Type: Trad, 1200 ft (364 m), 9 pitches
FA: Allen Steck, Wili Siri, Bill Long & Willi Unsoeld - June, 1953
Page Views: 104,871 total · 479/month
Shared By: Josh Janes on Jun 15, 2006 · Updates
Admins: Mike Morley, Adam Stackhouse, Salamanizer Ski, Justin Johnsen, Vicki Schwantes

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The East Buttress of El Cap is a classic adventure up the right hand shoulder of El Cap. You don't get the feeling you're actually on El Cap, though you are afforded with great views of the tremendous southeast face. Of note, the route also serves as a convenient introduction to the East Slabs descent route which is very nearby upon topping out.

As one of the more popular routes in the Valley, so be prepared for traffic jams and a long day, but because the crux comes early and most of the climbing is much more moderate, fast parties can usually finish the route in about half a day.

Approach is typically via a slog up the ramp or the Moratorium. The latter adds four amazing (and more difficult) pitches to the East Buttress, but is somewhat out of character which is one of adventure.

Pitch-by-pitch description by Doug Haller:

3rd Class: At the end of the approach, identified by the trail reaching a steep drop, locate a wide, white, coarse granite chimney. Wedge yourself into the chimney and thrutch upward to gain a rail. Use the rail to scramble up the chimney and onto a ledge with a dead/part dead tree. Belay from here. 45 feet/15 meters.Optionally combine with P1.

P1 (5.9, 130'): step down and right from the ledge to gain the continuation of the chimney. Climb wide off-width/chimney using a combination of off-width, chimney, and stemming techniques to gain a small stance and anchor of several ancient fixed pins. Option to back up the fixed anchor with small nuts.  

Note: Because the hardest moves of the route are immediately above this belay, one option to avoid potential factor two falls is to belay much lower at a stance at the bottom of the chimney about 40' up the pitch. Then, the remainder of the pitch can be linked into the start of the second pitch (crux), belaying at a nice ledge with a pine tree, continuing from there as described.

P2 (10b, 130'): Step right and up off the belay using slick potato-chip foot holds and small finger jams in pin scars  to gain a "V" groove. Using pin scars and groove follow the rising crack up to gain a ledge.  Cross the ledge and belay at one of several trees.

P3 (5.6, 120'): Step left  to an arete and face. Climb the face up to a large ledge, 40 feet by 15 feet. The current guide books describe this ledge as having a tree but as of 2019 the tree is dead and lying down on the ledge.  Alternatively from the belay climb a small hands/wide fingers crack 40 feet past a fixed friend to a small alcove. Step left to gain the face and climb to the ledge. 5.8

P4 (5.7, 120'): Climb up several ledges of 5.0 to gain a slab with a crack/corner on the right. Place gear and move left across the slab to gain a crack. Follow the crack and blocky system to a fixed belay on a ledge. '

P5 (5.8, 120'): Continue up the gully and crack system moving right to gain a left facing corner capped by a triangular roof.  Work up and under the roof. Pull the roof to gain a stance on a slab/face. Follow a corner crack on the left up to a  stance atop what is essentially a pillar.  Belay here.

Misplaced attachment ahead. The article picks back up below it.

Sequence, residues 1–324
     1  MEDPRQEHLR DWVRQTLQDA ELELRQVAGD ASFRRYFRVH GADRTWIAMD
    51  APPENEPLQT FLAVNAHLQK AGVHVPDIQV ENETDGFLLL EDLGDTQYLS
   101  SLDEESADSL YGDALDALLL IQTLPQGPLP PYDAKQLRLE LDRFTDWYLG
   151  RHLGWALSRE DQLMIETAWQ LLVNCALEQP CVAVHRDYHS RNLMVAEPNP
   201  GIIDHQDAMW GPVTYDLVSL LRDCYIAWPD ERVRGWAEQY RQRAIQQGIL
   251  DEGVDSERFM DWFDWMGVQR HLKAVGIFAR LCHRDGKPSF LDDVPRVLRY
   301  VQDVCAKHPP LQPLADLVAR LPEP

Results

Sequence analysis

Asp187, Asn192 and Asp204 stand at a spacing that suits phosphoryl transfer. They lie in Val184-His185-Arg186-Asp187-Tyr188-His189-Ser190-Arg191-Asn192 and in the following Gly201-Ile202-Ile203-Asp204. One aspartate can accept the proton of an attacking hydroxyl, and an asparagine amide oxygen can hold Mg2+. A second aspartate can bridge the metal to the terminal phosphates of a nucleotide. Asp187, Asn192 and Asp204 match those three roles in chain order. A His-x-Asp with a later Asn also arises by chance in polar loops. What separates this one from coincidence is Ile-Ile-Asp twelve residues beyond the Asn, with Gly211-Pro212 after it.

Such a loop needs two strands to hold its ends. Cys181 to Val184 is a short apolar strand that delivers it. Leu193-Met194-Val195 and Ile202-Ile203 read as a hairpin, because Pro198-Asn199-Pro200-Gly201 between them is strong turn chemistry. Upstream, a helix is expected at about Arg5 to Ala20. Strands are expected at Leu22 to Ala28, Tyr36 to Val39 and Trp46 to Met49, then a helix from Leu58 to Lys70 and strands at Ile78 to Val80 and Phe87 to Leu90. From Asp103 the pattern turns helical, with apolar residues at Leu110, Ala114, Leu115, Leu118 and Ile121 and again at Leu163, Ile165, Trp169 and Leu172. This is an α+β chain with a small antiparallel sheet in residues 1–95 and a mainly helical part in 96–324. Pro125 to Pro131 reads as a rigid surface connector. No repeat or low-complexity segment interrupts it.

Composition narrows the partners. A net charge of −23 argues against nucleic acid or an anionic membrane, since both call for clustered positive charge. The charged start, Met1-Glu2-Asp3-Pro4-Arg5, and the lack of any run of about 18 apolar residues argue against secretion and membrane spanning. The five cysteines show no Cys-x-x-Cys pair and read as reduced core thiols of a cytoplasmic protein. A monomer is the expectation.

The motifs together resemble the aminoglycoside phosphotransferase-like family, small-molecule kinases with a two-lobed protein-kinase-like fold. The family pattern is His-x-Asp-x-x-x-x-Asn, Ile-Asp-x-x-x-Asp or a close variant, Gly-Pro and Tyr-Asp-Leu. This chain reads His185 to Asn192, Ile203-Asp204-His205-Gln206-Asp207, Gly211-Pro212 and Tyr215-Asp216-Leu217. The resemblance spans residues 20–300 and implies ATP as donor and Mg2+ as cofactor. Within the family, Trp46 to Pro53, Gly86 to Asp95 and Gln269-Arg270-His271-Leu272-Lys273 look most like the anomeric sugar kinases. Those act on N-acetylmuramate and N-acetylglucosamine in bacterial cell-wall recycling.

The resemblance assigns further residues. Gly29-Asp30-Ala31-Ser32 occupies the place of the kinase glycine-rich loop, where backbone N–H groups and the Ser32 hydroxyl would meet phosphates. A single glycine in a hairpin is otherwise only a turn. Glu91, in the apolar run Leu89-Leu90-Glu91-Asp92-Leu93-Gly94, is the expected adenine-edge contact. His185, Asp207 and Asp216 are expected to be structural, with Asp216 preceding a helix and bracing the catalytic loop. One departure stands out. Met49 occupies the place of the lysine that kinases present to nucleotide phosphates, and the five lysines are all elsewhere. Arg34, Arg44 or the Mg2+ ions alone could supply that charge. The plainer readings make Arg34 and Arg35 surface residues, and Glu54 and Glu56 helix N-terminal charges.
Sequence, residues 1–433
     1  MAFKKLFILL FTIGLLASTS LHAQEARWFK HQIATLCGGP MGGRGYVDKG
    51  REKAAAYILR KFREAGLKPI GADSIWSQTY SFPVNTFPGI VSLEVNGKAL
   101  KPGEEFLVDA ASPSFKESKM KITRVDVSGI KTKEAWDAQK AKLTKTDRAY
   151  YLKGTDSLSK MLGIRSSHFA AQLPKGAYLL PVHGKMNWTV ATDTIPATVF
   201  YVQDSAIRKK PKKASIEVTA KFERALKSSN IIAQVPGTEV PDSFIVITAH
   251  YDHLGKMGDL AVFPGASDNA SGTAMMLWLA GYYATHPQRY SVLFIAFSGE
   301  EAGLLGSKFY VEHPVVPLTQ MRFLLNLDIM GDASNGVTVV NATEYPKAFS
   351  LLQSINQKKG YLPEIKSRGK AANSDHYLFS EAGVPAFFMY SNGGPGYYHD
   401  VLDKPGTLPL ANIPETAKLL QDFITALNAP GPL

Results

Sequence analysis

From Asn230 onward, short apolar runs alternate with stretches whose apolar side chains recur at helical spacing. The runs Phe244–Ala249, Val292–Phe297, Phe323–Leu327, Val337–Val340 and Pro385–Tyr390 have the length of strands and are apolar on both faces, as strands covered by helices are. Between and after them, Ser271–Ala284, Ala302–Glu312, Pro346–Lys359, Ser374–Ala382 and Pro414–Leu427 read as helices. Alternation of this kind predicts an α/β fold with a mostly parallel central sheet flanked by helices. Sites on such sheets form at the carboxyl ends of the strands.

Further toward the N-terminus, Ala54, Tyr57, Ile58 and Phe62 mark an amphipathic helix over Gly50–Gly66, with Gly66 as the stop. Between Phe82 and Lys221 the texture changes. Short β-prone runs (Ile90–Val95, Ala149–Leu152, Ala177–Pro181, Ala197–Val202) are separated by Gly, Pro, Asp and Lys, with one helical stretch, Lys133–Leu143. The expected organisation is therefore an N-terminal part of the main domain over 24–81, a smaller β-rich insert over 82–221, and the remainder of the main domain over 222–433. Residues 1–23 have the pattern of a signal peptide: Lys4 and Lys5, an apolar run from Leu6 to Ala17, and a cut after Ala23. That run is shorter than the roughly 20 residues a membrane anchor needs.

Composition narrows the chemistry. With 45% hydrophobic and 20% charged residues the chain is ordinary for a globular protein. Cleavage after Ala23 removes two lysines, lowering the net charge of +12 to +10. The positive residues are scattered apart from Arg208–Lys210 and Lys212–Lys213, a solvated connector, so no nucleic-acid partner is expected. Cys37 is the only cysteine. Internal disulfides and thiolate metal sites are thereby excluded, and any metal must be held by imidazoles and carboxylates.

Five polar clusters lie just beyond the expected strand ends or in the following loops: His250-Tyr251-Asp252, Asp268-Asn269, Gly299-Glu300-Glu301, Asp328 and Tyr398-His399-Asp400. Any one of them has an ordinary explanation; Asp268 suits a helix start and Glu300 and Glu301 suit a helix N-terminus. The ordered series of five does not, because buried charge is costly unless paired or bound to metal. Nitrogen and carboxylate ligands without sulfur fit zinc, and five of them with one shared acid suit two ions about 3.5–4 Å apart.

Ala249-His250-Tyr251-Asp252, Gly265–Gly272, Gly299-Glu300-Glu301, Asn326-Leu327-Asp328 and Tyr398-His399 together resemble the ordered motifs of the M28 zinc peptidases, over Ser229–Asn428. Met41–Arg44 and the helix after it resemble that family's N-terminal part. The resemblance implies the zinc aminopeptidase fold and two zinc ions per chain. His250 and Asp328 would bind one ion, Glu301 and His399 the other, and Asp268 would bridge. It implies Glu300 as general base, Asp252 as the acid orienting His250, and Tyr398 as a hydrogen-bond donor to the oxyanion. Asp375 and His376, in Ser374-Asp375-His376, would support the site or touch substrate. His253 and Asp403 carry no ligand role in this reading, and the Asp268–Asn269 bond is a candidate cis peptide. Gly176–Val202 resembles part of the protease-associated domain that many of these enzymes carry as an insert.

P6 (5.9, 100'): Step up and left off the stance following a hand crack that splits.  Note that the crack splits with one side, right, becoming a vertical thin finger crack while the other split trends up and left.  Stay left using the wide crack/groove and thin face/slab to gain a ledge with a fixed belay, not easily visible from below.  The anchor consists of two old pins, a button head bolt, and an old nut.  Back up the belay with a 0.75 BD cam.  

P7 (5.9+, 130'): Climb past a few grassy steps to gain a large corner system. Face holds and wide crack climbing leads up the corner in along an every widening crack. Step left at the top of the crack using small face hands and foot holds to gain a ledge with two old pins. Climb up and past the pins stepping back right into the corner.  Continue approximately 20-30 feet to belay at downward facing flakes or in a corner at the base of a left trending ramp.

P8 (5.5, 160'): Climb the low angle face / ramp using chicken-heads, scoops and fins for 100 feet, placing gear in the corner where the ramp meets the main wall. At the top of the ramp, as seen from the prior belay, look right to find a vertical corner/crack.  (option to belay here) Climb the corner and step right around the pillar to gain a horizontal traversing crack. Follow this crack right along the face to a second pillar with an old pin for an anchor and a small stance.  Back up the pin with a small (red C3) and possibly other gear at the foot level.

P9 (5.8, 130'): Down climb and move right to gain a vertical crack with textured face holds. Place small to increasingly larger gear in the crack, some what blind placements.  Once the crack ends, continue up the face using fins, chicken-heads, and other features to gain a ledge with a broken slung pin in a 2-3 inch crack.  Belay here or move up about 10 feet/3 meters to a second stance.  

P10 (5.7, 180'): Looking up, locate a massive square buttress. Aim for the right side of the buttress.  Climb up following cracks and ramps to gain the face below and right of the massive buttress. Make several moves up a head wall and continue up the face as the angle reduces to a ramp. Turn the top of the buttress to the left following the crack.  Belay at the next convenient stance.  

P11 (5.6, 90'): Climb the broken face up and right to a short headwall with a flake on the left. Carefully maneuver past loose holds to gain a sandy ledge and the final belay.  

Follow carins to the East Ledges descent trail

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